Genesis 25:23-34 (KJV)

23 And the Lord said unto her, Two nations are in thy womb, and two manner of people shall be separated from thy bowels; and the one people shall be stronger than the other people; and the elder shall serve the younger.
24 And when her days to be delivered were fulfilled, behold, there were twins in her womb. 25 And the first came out red, all over like an hairy garment; and they called his name Esau.
26 And after that came his brother out, and his hand took hold on Esau’s heel; and his name was called Jacob: and Isaac was threescore years old when she bare them.
27 And the boys grew: and Esau was a cunning hunter, a man of the field; and Jacob was a plain man, dwelling in tents.
28 And Isaac loved Esau, because he did eat of his venison: but Rebekah loved Jacob.
29 And Jacob sod pottage: and Esau came from the field, and he was faint:
30 And Esau said to Jacob, Feed me, I pray thee, with that same red pottage; for I am faint: therefore was his name called Edom.
31 And Jacob said, Sell me this day thy birthright.
32 And Esau said, Behold, I am at the point to die: and what profit shall this birthright do to me?
33 And Jacob said, Swear to me this day; and he sware unto him: and he sold his birthright unto Jacob.
34 Then Jacob gave Esau bread and pottage of lentiles; and he did eat and drink, and rose up, and went his way: thus Esau despised his birthright.

We live in a pleasure-oriented culture that focuses on the present.

God does not want us to sacrifice future blessings for short-term enjoyments.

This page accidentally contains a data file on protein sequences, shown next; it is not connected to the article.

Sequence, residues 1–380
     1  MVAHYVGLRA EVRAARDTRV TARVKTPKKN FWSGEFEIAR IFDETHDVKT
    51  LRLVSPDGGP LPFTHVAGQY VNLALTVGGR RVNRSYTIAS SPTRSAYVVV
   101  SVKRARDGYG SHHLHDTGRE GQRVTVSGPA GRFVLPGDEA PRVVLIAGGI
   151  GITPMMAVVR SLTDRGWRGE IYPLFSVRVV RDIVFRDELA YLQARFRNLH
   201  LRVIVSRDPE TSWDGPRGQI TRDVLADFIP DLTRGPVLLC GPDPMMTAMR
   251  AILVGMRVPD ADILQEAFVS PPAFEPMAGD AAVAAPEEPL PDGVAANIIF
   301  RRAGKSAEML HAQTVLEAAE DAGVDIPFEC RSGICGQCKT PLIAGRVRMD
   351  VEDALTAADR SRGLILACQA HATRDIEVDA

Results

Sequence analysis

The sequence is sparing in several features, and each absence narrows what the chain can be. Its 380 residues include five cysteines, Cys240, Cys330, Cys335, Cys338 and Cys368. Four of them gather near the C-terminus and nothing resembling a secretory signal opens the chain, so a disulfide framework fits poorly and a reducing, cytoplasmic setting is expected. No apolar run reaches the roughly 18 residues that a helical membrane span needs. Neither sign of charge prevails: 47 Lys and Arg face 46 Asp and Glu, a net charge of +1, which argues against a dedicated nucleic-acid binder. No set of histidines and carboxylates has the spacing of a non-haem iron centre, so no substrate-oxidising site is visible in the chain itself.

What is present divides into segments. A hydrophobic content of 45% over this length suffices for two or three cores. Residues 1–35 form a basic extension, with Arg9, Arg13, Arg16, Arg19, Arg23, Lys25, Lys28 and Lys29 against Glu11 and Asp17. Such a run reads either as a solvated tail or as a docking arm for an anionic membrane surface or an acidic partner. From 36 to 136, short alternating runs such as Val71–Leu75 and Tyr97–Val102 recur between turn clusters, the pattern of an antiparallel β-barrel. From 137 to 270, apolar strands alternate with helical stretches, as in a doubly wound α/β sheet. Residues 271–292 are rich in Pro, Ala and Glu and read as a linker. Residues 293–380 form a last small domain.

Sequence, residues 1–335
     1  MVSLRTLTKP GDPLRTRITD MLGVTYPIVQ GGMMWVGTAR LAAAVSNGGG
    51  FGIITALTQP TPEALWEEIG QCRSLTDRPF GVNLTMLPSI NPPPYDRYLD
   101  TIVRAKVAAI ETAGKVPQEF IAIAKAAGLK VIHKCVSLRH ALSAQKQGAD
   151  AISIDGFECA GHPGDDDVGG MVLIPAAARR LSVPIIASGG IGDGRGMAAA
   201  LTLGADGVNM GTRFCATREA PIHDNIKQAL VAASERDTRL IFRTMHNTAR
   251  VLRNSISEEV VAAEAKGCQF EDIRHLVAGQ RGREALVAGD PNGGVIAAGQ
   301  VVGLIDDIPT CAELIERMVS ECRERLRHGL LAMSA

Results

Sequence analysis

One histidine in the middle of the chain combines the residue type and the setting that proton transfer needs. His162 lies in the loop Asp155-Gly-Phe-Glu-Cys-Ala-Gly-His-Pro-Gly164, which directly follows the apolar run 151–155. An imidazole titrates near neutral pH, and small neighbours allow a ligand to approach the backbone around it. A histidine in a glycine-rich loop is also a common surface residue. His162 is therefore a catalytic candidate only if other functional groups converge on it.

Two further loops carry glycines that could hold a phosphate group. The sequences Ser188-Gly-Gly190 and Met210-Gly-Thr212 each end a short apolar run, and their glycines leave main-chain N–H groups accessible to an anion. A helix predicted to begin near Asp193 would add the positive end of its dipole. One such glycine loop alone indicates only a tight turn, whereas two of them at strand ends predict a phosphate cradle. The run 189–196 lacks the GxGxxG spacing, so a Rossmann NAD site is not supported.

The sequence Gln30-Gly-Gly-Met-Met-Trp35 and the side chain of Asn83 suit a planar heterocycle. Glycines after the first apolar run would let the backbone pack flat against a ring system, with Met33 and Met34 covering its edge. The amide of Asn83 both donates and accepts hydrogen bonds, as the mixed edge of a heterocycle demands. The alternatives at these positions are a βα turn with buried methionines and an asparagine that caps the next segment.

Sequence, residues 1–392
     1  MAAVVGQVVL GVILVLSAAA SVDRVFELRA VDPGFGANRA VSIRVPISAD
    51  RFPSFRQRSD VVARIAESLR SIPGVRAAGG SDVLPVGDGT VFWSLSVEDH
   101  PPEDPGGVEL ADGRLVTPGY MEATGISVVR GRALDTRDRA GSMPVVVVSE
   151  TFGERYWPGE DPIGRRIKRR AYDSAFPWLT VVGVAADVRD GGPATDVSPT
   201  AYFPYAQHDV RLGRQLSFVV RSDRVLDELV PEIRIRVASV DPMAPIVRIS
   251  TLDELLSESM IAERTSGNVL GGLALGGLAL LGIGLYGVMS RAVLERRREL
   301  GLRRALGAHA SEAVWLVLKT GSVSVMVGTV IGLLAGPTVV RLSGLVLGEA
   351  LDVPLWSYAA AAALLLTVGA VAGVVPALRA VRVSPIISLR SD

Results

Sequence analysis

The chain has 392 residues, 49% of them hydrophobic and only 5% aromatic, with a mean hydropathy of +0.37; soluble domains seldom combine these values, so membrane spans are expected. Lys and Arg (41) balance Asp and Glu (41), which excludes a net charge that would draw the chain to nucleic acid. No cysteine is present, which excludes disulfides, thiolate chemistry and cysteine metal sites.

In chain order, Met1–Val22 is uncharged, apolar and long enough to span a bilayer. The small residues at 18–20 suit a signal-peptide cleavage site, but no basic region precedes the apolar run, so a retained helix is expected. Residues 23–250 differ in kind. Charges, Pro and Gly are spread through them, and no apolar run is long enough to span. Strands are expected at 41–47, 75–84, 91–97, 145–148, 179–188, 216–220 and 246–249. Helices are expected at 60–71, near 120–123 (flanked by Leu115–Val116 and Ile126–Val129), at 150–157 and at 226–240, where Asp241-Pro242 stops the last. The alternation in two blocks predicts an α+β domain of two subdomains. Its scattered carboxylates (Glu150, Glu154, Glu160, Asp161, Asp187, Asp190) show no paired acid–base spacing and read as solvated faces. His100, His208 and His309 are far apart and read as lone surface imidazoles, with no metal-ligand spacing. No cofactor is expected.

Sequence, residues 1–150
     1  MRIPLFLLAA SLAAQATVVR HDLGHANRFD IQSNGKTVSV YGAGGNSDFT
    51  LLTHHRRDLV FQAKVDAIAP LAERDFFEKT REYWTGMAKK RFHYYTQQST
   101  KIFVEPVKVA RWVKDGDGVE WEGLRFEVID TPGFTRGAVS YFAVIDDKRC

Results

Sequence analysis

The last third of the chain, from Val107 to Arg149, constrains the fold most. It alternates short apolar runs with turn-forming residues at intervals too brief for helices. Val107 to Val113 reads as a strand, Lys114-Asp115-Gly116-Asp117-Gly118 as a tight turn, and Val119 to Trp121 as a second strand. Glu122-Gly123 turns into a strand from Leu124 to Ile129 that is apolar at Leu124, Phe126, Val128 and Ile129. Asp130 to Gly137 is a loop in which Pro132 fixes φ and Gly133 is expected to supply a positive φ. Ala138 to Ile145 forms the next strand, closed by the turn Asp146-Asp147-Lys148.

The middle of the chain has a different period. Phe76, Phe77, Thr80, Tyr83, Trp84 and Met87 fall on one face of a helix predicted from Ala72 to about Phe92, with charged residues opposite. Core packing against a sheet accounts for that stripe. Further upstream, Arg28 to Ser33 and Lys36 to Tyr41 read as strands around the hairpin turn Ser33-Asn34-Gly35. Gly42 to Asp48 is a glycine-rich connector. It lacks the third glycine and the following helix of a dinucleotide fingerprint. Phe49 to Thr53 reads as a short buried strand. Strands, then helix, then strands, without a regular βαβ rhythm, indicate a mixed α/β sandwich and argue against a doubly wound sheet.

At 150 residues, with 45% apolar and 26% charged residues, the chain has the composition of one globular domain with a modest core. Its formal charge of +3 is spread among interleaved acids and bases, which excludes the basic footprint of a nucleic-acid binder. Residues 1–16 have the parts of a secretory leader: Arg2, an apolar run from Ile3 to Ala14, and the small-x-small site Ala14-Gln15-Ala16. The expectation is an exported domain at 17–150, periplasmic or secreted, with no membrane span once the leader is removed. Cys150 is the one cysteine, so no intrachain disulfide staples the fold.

Let’s take a look at Esau’s story and learn from his mistakes.

As Isaac’s elder son, Esau was facing a secure future in the role of spiritual leader and head of the family. Yet he was blind to what was valuable in life an casually sold his birthright. He apparently cared nothing about his rights as firstborn or his impact on future generations and gave it all up for a bowl of stew.

Some of us are similarly shortsighted.

We spend much of our time working or engaging in pleasurable pursuits of our own choosing. However, God wants our priorities to reflect His purposes—namely, to love Him with all our heart, soul, and mind and to love others through a life of service and sacrifice (Matt. 22:37-40).

Esau was ruled by his appetite and emotions.

When he returned from hunting, his thoughts centered on his hunger and the quickest way to satisfy an empty stomach. He agreed to Jacob’s offer without weighing the cost. Giving in to our feelings can be a first step toward trouble and regret.

Emotions that prompt us to act quickly or put ourselves first can lead us astray.

Also, overindulgence can bring poor health, financial pressures, and even addiction.

We can protect our future by yielding to the Spirit’s control and living out what Scripture considers most valuable: knowing God and obediently serving Him.

Make sure that you put Him in charge of your mind, will, emotions, and appetite.

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